Hear stories of adventure at the Bookworm of Edwards
If you go ...
What: Peter Heller at the Bookworm of Edwards.
When: Today, 6 p.m.
Where: Bookworm of Edwards.
Cost: $10, includes appetizers.
More Information: 970-926-READ, bookwormofedwards.com.
Peter Heller grew up studying botany and ecology, learning the names of plants, trees and birds. He spent his childhood in the Adirondacks and the Green Mountains of Vermont. Now he makes his living writing about the wild and beautiful places that he has always called home.
Heller will return to the Bookworm in Edwards Tuesday night to discuss his newest book “The River,” a gripping tale of friendship tested by fire, white water and violence. Heller will be present this evening at 6 p.m.
Heller always feels the most at home in the great outdoors, whether he is fly-fishing, canoeing or surfing.
“Ever since I was a kid — swimming in brooks and creeks, in the ocean, paddling a canoe, climbing — There is a simplicity and a sense of connection and a thrill I never got anywhere else,” Heller said in a press release. “In nature I learned the joy in feeling inestimably small, in forgetting at times my own name, or even that I’m human. There’s freedom in that, and a connection with a landscape and wildlife that speak different languages than our own.”
His constant drive to find new adventures eventually brought him to Colorado, a place he now calls home. It has become a touchstone in his life. When asked to pick a favorite place in his own backyard, Heller paused.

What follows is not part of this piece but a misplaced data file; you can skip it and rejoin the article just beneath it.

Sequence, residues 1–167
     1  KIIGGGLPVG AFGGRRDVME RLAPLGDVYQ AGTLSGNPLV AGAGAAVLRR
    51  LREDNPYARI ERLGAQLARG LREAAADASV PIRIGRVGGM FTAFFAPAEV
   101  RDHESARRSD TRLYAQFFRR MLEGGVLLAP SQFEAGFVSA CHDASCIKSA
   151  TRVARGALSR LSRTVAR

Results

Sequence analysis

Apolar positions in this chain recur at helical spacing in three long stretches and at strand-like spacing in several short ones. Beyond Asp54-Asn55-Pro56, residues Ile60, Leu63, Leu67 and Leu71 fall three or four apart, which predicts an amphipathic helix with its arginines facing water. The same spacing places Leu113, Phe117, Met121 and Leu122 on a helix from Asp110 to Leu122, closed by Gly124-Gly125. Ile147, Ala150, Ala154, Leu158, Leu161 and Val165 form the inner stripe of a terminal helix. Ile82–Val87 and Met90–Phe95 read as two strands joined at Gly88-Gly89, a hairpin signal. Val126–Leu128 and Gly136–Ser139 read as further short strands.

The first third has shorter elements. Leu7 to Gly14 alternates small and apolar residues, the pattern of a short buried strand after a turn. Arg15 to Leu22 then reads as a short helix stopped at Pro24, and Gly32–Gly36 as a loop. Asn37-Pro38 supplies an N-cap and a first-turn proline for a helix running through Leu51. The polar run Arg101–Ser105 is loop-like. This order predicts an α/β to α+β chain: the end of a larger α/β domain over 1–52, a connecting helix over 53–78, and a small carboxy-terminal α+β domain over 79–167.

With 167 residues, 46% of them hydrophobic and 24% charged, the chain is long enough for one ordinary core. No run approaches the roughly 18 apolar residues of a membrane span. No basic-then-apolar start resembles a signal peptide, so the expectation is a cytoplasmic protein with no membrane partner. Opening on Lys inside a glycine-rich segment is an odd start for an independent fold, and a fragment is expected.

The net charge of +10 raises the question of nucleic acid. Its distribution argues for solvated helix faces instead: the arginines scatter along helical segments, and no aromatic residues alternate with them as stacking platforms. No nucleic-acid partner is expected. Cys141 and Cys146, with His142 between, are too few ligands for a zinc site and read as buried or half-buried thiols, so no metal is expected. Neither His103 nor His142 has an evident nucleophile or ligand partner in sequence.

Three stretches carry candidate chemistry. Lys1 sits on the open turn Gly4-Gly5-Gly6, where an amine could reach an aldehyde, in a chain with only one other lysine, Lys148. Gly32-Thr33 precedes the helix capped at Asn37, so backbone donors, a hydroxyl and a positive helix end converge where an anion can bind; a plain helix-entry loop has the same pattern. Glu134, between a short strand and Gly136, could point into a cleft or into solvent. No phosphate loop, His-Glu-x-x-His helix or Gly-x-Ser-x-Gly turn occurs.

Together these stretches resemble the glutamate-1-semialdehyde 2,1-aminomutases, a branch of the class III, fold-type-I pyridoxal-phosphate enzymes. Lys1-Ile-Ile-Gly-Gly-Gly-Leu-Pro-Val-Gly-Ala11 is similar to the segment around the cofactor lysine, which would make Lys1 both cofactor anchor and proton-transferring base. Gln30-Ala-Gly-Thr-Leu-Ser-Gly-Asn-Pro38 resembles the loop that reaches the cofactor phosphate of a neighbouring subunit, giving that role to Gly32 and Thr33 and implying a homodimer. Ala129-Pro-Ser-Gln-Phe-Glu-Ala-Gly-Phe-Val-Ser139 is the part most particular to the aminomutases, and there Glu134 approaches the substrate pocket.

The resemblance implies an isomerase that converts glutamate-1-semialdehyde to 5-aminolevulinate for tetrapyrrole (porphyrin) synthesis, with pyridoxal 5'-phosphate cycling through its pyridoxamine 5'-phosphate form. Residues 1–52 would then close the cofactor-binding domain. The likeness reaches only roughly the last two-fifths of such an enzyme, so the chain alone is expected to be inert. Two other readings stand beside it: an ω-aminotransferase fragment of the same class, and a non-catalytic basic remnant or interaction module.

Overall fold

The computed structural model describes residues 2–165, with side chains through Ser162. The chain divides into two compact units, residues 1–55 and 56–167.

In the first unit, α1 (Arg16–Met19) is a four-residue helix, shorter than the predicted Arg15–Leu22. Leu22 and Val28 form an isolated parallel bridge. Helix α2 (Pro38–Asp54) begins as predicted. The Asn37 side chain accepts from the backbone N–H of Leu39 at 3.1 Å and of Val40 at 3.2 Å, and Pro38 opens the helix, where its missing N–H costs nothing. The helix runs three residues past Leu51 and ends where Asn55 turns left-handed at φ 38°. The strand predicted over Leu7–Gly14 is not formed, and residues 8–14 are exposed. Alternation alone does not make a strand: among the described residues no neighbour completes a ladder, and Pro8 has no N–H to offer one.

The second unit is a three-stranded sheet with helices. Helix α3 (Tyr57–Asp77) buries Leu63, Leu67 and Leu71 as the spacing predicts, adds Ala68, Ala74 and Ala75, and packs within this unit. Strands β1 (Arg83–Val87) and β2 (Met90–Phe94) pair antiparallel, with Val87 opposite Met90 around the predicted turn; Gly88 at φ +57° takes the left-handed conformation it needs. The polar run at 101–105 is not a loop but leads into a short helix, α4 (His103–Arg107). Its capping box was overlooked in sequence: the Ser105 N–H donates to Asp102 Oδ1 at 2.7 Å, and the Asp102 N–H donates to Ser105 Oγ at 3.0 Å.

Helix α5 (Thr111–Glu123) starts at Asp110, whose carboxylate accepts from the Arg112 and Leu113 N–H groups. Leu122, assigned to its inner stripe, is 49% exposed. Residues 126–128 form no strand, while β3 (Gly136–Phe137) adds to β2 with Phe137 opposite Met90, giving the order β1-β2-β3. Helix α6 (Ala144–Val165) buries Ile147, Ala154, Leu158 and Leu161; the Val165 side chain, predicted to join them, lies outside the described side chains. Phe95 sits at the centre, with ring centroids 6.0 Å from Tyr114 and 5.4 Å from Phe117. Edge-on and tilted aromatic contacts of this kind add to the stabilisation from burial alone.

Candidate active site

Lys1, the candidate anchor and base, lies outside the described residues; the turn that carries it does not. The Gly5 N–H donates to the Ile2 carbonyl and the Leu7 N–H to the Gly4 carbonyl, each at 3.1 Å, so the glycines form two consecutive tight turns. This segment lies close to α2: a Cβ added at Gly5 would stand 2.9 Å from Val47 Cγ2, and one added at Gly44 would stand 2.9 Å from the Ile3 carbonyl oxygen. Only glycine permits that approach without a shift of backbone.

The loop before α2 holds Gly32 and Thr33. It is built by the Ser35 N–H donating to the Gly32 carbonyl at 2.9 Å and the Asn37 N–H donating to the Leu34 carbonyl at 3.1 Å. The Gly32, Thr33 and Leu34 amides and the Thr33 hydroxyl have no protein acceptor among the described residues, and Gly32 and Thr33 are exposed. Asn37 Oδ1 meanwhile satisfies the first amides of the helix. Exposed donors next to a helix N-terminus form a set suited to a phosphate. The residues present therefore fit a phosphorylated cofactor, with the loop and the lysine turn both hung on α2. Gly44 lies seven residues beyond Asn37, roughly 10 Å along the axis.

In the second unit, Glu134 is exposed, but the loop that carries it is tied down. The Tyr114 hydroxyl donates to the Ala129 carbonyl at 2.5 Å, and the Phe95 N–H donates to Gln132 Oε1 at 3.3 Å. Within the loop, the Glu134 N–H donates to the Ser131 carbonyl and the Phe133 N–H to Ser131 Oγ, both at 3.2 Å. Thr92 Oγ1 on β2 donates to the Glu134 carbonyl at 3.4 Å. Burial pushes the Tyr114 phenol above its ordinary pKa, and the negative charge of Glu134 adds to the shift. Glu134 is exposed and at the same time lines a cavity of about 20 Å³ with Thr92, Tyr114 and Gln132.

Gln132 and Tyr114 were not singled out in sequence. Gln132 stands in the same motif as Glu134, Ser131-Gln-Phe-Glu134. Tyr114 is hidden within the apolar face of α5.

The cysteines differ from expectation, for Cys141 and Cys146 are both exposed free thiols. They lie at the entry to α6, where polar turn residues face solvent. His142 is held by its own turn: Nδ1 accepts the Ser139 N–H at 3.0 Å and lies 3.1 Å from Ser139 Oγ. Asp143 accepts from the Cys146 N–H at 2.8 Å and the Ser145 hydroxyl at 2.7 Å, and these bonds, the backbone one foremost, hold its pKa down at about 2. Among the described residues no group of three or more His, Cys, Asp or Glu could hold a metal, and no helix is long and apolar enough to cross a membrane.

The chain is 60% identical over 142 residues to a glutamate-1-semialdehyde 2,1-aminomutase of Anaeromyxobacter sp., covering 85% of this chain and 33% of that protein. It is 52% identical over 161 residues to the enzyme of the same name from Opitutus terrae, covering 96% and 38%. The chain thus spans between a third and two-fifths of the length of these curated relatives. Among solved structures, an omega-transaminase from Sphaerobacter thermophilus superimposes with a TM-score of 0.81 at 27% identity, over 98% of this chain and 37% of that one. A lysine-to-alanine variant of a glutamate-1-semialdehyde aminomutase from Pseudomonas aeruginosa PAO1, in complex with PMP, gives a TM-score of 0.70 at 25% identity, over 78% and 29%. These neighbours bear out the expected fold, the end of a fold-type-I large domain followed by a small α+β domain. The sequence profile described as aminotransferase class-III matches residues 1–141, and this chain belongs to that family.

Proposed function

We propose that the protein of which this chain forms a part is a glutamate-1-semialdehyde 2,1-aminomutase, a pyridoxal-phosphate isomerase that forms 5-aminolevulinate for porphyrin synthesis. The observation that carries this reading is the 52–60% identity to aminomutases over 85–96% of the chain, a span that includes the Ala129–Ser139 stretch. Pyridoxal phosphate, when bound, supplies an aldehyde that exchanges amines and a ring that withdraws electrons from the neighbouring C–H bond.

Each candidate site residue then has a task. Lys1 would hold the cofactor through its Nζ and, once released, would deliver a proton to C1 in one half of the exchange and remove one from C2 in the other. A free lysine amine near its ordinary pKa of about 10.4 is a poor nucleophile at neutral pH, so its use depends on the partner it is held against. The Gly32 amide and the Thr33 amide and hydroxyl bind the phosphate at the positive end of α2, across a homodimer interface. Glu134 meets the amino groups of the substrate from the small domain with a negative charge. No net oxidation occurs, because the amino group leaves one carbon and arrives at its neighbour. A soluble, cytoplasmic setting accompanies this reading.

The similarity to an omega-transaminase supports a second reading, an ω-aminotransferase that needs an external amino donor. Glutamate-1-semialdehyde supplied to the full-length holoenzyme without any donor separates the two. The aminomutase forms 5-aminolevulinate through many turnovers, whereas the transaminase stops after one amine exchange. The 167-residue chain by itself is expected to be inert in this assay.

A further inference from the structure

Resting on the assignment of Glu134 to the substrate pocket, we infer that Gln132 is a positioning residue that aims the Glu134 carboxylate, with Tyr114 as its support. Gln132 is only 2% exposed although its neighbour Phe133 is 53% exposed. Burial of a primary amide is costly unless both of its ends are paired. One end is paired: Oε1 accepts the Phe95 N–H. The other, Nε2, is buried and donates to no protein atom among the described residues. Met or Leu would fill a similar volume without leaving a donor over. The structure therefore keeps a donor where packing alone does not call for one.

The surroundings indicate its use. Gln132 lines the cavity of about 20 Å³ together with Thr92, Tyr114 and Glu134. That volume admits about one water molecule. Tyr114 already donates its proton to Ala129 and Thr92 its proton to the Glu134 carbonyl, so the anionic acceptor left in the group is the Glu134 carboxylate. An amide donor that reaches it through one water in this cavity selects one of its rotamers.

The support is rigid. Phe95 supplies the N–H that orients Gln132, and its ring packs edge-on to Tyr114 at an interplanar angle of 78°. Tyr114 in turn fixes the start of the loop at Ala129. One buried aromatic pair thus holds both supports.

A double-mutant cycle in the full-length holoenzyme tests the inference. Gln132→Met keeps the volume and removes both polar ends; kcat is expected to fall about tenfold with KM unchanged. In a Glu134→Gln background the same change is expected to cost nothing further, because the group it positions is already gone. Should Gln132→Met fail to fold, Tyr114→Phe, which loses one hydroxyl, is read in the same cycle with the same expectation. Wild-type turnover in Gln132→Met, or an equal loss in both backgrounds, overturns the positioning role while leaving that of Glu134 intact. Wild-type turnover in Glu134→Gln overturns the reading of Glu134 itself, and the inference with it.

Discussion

“Oh, man. Which is your favorite kid?” he joked. “River runs on the Arkansas, the Eagle, the Colorado, the Poudre,” Heller listed, “and my first elk hunt decades ago above Tabernash.”
It only made sense that nature takes a front seat in his writing, just as it does in his own life. All of his works have been stories fundamentally focused in the outdoors and its power over individuals and their relationship with each other and the land around them.
“I love following a current through new territory, and how the rigors of those trips brought out the best in people and friendships.”
His newest piece of fiction, “The River” looks at friendship and how it can be tested under dire circumstances. Heller’s prolific lineup of nature writing is punctuated by another release later this year. His success stems from the same dedication with which he approaches nature, constantly seeking writing opportunities every single day.
The best advice he could give to other writers is surprisingly, not about nature at all. It is poetry.
“Great poetry teaches the economy of language, the power of a few choice words. And about cadence, the importance of how words sound together.”
There is also the common advice many offer, you just have to do it.
“The best way to get good at writing is to treat it like an Olympic sport. The same discipline, same grit when you fall down, same passion,” Heller said. And if there is one thing other than a love of nature that rings true with Heller’s writing, it is passion.
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